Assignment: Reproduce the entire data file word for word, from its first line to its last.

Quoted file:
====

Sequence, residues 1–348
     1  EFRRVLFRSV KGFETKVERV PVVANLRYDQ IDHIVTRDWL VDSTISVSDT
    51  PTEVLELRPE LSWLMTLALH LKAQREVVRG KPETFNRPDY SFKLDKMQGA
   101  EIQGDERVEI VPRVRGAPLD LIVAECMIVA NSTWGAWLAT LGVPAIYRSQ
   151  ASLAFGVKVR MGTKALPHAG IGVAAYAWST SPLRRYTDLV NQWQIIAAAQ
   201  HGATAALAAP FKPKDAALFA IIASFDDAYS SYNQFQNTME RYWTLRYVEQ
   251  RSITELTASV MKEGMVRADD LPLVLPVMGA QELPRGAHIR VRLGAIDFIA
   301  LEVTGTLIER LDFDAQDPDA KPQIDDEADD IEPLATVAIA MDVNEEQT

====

Sequence, residues 1–348
     1  EFRRVLFRSV KGFETKVERV PVVANLRYDQ IDHIVTRDWL VDSTISVSDT
    51  PTEVLELRPE LSWLMTLALH LKAQREVVRG KPETFNRPDY SFKLDKMQGA
   101  EIQGDERVEI VPRVRGAPLD LIVAECMIVA NSTWGAWLAT LGVPAIYRSQ
   151  ASLAFGVKVR MGTKALPHAG IGVAAYAWST SPLRRYTDLV NQWQIIAAAQ
   201  HGATAALAAP FKPKDAALFA IIASFDDAYS SYNQFQNTME RYWTLRYVEQ
   251  RSITELTASV MKEGMVRADD LPLVLPVMGA QELPRGAHIR VRLGAIDFIA
   301  LEVTGTLIER LDFDAQDPDA KPQIDDEADD IEPLATVAIA MDVNEEQT